Physical adaptation, on the other hand, occurs through behavior. Either by manipulating elements such as windows and air conditioners in indoor environments or by adjusting the level of clothing (clo). Some studies carried out indoors show that older people tend to manipulate air conditioning devices less and that their adaptive behavior is preferably the adjustment of the level of clothing that is generally higher in the elderly. Hwang and Chen found that older adults required an additional 0.1 clo for every 1.4 ° C, which lowered the temperature while younger ones required the same level of additional clothing for every 2 ° C less temperature.

Differences in thermal comfort temperature for older adults

Although older adults have different characteristics, a thermal comfort assessment index that considers them has not been established, since everyone tries to establish comfort conditions by applying them to the general user, such as those used in the selected articles: Predicted Mean Vote (PMV ) 25 used in 14 studies, the Universal Thermal Climate Index (UTCI) used by 5 studies and the Physiologically Equivalent Temperature (PET) used in 3 studies.

For their part Novieto and Zhang have made an approximation, applying in their study the IESD-Fiala model to represent the aged human body taking into account the metabolic rate, heart rate, and weight, which differ between 10 and 19.2% of the characteristics of the type person. For this, they use sensitivity tests and simulations to establish the impact of these factors on the thermal comfort of the elderly. They obtained that the basal metabolic rate was the most influential factor.

Only 9 of the studies reviewed have determined quantitative differences between the comfort temperature range or the preferred temperature for the elderly and the rest of the age groups. However, a statistical comparison of these values ​​between studies is not possible, due to the heterogeneity of the samples and methodologies. Within these, only two refer to outdoor environments, while others evaluate indoor thermal comfort, whether in homes, senior centers or air-conditioned rooms; some obtain differentiated ranges for summer, others for winter, others do not specify and in no climatic zone is it identified for both cases.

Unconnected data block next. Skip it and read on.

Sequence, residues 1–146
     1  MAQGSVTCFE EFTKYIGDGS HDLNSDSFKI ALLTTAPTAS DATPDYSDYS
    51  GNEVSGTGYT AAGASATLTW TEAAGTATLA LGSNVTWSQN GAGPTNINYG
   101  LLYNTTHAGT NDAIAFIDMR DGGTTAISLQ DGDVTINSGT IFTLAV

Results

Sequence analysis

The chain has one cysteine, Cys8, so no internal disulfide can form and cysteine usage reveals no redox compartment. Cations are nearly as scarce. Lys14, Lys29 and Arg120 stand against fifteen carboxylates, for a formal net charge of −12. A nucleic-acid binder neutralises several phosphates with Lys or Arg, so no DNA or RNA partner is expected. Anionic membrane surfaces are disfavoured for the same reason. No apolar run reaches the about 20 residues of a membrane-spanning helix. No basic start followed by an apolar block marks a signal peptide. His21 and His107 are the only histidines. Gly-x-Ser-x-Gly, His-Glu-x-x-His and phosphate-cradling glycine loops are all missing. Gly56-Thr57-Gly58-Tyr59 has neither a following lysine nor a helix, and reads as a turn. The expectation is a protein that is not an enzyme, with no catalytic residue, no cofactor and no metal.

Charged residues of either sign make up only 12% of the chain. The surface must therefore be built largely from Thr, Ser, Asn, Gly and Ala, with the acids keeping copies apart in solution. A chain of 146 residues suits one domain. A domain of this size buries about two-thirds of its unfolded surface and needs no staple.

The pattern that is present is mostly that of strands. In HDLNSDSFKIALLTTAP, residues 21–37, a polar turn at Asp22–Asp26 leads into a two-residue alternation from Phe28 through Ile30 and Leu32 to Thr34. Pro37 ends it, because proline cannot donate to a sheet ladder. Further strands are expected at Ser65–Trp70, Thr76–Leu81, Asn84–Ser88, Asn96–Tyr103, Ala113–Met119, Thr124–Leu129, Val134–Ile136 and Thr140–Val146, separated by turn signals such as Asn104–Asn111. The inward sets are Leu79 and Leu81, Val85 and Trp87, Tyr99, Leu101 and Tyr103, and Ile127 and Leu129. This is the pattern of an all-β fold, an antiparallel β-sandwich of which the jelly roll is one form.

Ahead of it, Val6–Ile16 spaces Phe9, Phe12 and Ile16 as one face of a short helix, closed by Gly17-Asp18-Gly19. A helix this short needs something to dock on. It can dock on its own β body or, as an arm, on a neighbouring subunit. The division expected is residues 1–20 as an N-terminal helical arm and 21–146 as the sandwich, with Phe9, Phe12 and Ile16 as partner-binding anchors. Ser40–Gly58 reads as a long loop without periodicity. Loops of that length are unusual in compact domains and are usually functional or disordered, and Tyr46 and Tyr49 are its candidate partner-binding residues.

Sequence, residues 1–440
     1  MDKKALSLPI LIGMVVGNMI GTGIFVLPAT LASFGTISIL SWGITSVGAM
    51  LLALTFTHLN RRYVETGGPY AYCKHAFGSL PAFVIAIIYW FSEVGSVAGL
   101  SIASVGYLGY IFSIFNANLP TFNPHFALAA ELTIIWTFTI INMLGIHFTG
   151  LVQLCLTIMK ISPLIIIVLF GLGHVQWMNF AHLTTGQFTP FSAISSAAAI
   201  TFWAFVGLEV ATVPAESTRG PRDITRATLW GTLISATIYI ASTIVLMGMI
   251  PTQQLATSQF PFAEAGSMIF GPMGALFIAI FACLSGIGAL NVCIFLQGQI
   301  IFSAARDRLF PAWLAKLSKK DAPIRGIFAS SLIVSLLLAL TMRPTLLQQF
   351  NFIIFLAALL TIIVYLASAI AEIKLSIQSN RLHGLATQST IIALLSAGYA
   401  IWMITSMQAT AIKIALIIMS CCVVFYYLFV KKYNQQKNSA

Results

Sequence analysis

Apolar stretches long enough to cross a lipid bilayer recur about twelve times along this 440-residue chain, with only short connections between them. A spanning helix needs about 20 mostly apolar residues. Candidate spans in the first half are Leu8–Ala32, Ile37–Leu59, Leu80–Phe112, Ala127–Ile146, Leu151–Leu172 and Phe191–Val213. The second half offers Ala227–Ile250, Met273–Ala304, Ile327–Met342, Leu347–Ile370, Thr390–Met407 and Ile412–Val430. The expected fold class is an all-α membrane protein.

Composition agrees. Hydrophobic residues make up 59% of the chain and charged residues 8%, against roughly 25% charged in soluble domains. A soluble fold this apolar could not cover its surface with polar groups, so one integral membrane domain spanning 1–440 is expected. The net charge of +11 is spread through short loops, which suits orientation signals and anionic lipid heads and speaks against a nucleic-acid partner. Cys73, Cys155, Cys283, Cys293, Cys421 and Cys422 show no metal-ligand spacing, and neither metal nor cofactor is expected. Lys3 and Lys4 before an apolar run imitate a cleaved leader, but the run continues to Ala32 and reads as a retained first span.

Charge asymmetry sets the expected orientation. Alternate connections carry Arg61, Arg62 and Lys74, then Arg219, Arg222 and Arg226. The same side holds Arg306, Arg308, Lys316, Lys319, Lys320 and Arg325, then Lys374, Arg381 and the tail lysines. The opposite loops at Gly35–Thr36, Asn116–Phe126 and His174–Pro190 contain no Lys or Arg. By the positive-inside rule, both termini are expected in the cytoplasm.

Conclusions

As a result of this literature review, 43 articles were found that identify differences in the perception and thermal comfort of older adults and other people. The greatest consensus is given in 22 articles that recognize that with age the overall thermal sensitivity decreases, both cold and heat. From 9 studies of different contexts, methodologies and sample size, it is identified that this difference is 0.2-4 ° C and that the external comfort ranges are wider, indicating that the elderly are more tolerant of the outside temperature.

In addition, it is determined that the factors that influence thermal comfort differences are:

  • The physiological changes of aging that affect thermal sensitivity and decrease its ability to detect and respond to temperature changes;
  • Thermal adaptation to the environment, both psychological, given by origin, expectation, experience, exposure time and attitude; such as physical adaptation, because there are differences in the way in which the elderly adjust their clothing level (clo) and control the air conditioning mechanisms in indoor environments.

The need to adapt to the phenomenon of population aging, in order to achieve more inclusive, comfortable and healthy environments, is a challenge of a multidisciplinary approach to the cities of the 21st century. This article confirms the diversity of perspectives that produce sectorized conclusions and it is evident that future research needs to be addressed according to the different climatic zones and urban microclimates, taking into account in addition to climate change, the island of urban heat and the appearance of population over 80 It would increase the problems detected in this investigation.